To do this, the service asks that day-old poultry be shipped early in the week. That way, birds won't get stuck at a post office over the weekend or a holiday.
Likewise, if the weather is unusually bad, the postal service can deny shipment, according to regulations.
Ann Chynoweth is the director of the Humane Society of the United States campaign against animal cruelty and organized animal fighting, such as cockfighting.
(See a photo of cockfighting in Thailand.)
Chynoweth said the Humane Society has seen an increase in complaints from postal workers who are concerned about dead and dying birds in the mail.
"They are distraught at not being able to do anything about it," said Chynoweth, who is based in Washington, D.C.
As an example, she cited an anonymous letter from a postal worker in Minnesota who said 24 dead chickens showed up at a mail-sorting facility when it was 3 degrees Fahrenheit (-16 degrees Celsius).
"All of them were dead," the letter said.
The Postal Service's Anderson says the U.S.P.S. responds to all service issues or problems raised. He adds that he cannot directly respond to the complaints cited by the Humane Society because they are anonymous.
"It's in our best interest [to respond]. And I'm sure the shippers and buyers want their product to arrive in good condition," he said. "If there's a problem, we respond immediately."
The Humane Society is asking the U.S. Postal Service to require more humane conditions for the birds, such as only shipping between 50 and 90 degrees Fahrenheit (10 and 32 degrees Celsius) and limiting truck or car time to four hours.
"We don't think animals should be treated as [just] any other package," Chynoweth said.
U.S. Senator Chuck Grassley, an Iowa Republican, introduced legislation on March 9 that would require mail carriers to carry birds when the temperature is anywhere from 0 to 100 degrees Fahrenheit (-18 to 38 degrees Celsius).
The legislation would also make denying live bird shipments harder for commercial airlines and couriers that accept U.S. Postal Service contracts.
For example, FedEx, a postal contractor, does not accept shipments of any live animals "as part of regularly scheduled service," said Carla Boyd, a company spokesperson in Memphis, Tennessee.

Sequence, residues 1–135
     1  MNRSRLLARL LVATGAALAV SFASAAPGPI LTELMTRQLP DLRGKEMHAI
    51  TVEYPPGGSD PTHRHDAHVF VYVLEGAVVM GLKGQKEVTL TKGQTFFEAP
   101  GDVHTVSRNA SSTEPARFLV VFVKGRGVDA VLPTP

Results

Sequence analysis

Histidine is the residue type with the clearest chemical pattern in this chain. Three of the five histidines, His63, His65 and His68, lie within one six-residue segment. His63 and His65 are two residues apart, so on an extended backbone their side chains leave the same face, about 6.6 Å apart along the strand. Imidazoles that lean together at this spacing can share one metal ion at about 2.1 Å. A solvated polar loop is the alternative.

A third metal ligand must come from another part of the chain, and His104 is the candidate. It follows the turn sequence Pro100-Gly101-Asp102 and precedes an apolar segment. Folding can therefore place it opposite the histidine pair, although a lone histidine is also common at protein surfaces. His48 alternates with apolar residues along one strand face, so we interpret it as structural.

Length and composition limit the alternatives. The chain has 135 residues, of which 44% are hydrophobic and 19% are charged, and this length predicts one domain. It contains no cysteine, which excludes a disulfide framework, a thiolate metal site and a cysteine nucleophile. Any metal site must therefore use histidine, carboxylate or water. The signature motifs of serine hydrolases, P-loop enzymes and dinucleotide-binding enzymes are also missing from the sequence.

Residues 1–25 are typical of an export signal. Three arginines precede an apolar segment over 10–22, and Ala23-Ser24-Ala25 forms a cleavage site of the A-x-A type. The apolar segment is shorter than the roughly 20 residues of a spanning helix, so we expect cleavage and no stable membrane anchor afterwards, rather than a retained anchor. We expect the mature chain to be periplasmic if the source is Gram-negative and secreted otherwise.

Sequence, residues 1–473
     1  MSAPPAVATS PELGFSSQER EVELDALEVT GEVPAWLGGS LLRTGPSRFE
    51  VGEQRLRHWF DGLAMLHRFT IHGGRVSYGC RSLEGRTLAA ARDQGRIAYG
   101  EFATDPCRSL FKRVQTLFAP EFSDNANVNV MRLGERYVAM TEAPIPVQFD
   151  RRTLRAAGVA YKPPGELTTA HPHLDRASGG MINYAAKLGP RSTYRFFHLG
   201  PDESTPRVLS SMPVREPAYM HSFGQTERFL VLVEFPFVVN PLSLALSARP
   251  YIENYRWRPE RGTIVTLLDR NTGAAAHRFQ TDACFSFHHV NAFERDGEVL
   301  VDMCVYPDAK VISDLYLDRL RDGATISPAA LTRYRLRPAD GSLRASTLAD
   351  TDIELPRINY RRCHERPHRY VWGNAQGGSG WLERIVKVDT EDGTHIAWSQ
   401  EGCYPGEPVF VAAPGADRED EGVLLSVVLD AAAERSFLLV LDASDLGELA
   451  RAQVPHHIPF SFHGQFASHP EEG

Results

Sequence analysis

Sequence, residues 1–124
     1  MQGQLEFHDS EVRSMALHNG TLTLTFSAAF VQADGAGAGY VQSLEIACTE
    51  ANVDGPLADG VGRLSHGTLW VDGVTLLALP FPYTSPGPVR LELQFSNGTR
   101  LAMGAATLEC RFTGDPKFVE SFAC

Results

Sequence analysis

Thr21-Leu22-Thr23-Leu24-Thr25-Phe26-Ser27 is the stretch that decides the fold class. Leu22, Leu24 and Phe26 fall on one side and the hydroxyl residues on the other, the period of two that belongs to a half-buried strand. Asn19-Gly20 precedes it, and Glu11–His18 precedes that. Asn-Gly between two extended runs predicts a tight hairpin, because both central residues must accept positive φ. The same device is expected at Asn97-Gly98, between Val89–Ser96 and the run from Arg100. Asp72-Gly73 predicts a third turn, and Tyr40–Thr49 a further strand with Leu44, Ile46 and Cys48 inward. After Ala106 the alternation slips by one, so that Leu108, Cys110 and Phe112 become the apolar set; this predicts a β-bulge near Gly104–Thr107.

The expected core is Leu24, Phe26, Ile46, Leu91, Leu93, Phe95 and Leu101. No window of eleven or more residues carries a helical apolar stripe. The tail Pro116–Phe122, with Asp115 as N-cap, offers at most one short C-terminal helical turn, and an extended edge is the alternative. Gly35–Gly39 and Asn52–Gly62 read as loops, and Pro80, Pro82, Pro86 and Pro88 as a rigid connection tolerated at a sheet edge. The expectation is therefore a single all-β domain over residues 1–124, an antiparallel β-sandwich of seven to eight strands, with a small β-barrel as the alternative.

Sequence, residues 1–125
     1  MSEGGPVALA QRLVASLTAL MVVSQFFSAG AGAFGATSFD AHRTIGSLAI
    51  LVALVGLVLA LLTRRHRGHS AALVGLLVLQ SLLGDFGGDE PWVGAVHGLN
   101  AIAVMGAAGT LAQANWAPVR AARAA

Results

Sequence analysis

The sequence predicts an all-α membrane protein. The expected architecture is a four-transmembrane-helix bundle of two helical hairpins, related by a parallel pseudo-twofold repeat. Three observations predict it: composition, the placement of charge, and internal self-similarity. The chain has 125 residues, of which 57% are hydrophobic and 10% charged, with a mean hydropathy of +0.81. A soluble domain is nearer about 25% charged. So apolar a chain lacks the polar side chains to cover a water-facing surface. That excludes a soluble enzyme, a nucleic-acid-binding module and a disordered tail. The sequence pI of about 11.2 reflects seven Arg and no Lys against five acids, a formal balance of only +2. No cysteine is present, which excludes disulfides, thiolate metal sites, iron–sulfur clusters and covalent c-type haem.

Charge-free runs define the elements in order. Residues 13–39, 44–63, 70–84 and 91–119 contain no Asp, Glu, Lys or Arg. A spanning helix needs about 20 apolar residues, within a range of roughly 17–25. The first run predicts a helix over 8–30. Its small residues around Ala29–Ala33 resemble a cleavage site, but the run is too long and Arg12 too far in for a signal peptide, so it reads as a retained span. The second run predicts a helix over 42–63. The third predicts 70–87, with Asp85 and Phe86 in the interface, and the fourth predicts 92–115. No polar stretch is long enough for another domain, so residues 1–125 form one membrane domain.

According to Boyd, shipping animals requires special arrangements and specific configurations that interfere with FedEx's regular operations.
FedEx's policy currently permits it to refuse shipments of baby chickens.
By contrast, commercial airlines with postal contracts are obligated to accept live-bird mail shipments. Since the airlines already ship passengers' birds as cargo, mailed birds should not interfere with the airlines' regular operations, the thinking goes.
According to Bird Shippers of America, a lobbying organization for the hatchery industry directed by McMurray, the new legislation would force FedEx to accept baby chickens because the courier does transport some live animals.
"FedEx does carry all types of animals, except dogs, cats, and bees. Consequently, the [proposed] provision states that if the air carrier transport[s] any animals by cargo, it must take birds by air mail," reads a statement on the Bird Shippers' Web site.
The Humane Society says it is also concerned that the transport of millions of birds "is a risk in the threat of avian flu," Chynoweth said.
The animal-welfare organization fears that if an outbreak occurs among mail-order chickens, it will be hard to find and kill the infectious birds, because they spread so rapidly around the United States. (Killing all infected birds is considered the best way to curb an avian flu virus's spread.)
McMurray, the hatchery owner, said such fears are unwarranted, since there is no bird flu in the U.S. And fears of bird flu, he added, have not impacted his business.
"With all the publicity that is constantly in the press on a nearly daily basis, I thought for sure it would, but it has not," he said.
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